terminal moraine to Philadelphia. They are most conspicuous in the great gravel terrace just south of Belvidere, gradually diminish in volume and height and even merge into the modern alluvium by which they are in part overlaid between Easton and Trenton, become conspicuous again at Trenton (where they cover an area of fully fifty square miles, and are exposed in every natural and artificial excavation below their maximum altitude in and near the city), and finally disappear near Bristol, though the cobbles are largely dredged from the channel to and beyond Philadelphia. They are in part overlaid by modern alluvium, into which they appear to merge midway between the moraine and Trenton; and they repose unconformably upon the greatly eroded surface of the Columbia formation—the aqueo-glacial deposits of the earlier cold epoch of the Quaternary—notably at Trenton, where they fill a basin lined with Columbia brick-clays and gravels.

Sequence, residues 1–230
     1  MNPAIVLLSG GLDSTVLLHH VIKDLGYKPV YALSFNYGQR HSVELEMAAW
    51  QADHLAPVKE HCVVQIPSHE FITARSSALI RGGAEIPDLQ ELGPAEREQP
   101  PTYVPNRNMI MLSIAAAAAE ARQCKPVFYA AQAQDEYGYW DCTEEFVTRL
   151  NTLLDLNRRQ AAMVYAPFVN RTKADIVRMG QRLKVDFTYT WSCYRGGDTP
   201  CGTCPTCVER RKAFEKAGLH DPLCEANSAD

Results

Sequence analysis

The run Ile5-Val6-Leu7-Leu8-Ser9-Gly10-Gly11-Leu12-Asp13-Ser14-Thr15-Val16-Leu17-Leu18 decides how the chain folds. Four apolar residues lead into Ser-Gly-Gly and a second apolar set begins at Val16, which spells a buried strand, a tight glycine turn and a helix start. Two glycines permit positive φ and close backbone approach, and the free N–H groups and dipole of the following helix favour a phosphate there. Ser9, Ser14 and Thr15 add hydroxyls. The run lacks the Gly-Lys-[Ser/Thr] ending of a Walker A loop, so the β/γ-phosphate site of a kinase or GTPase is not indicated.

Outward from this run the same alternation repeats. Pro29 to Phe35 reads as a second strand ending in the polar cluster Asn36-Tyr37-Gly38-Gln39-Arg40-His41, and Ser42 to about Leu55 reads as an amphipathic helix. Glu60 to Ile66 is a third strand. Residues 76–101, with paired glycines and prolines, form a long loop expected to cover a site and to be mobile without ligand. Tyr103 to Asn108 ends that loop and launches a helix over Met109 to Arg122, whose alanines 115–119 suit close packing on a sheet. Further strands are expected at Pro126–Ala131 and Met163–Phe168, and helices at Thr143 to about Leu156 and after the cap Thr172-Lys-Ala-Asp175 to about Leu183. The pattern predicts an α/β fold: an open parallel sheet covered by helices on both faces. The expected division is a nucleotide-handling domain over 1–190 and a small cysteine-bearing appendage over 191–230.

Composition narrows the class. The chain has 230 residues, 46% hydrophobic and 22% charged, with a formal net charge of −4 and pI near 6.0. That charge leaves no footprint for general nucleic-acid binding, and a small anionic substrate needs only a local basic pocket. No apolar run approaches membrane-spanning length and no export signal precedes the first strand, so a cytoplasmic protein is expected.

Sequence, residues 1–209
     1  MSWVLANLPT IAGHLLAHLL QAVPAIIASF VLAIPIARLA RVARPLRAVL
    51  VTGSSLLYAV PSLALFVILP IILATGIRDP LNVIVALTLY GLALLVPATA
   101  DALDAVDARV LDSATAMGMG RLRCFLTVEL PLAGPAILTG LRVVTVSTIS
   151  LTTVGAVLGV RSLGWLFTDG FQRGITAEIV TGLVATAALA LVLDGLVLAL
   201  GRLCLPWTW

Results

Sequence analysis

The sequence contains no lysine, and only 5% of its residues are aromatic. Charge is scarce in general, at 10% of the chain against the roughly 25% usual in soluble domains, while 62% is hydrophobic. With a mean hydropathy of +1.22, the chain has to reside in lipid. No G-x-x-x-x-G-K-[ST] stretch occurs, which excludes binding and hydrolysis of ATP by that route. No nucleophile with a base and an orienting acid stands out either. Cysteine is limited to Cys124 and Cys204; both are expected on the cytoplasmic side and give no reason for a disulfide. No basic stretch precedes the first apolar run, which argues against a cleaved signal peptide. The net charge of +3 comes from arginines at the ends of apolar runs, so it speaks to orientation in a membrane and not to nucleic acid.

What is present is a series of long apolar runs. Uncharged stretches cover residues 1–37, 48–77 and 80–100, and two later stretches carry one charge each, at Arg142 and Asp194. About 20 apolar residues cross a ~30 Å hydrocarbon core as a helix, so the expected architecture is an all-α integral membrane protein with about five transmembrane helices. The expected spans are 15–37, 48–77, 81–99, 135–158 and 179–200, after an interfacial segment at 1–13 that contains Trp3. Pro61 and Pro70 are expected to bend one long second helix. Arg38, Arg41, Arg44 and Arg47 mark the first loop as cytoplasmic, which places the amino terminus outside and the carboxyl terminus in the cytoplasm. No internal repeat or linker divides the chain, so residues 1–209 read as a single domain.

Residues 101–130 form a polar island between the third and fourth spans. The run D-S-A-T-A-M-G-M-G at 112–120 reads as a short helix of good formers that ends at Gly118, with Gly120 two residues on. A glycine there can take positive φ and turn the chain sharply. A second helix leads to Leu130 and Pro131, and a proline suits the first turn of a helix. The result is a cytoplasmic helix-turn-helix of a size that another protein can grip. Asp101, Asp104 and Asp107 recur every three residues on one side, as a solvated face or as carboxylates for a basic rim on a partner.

By structure, composition, and topographic relations the Fig. 3.—Artificial Cliff of Trenton Gravels. deposits tell the story, as by their geologic relations they fix the date, of their origin. At Trenton the deposits consist of stratified gravels more heterogeneous than, but otherwise undistinguishable from, those of the terraces into which the terminal moraine merges, interspersed with bowlders up to one hundred cubic feet in volume, the whole imbedded in a matrix of sand and loam. The entire mass is unquestionably water-laid; its continuous bedding is indicative of wave-action, and thus of shallow waters; and the bowlders scattered throughout it are evidently ice-borne. Its structure is shown in Fig. 3, reproduced from a photograph taken in the extensive gravel-pit half a mile east of the depot at Trenton. The relations of these gravels to the subjacent Columbia formation are shown in Fig. 4, also reproduced from a photograph taken at Chambersburg—the coarse, stratified gravels.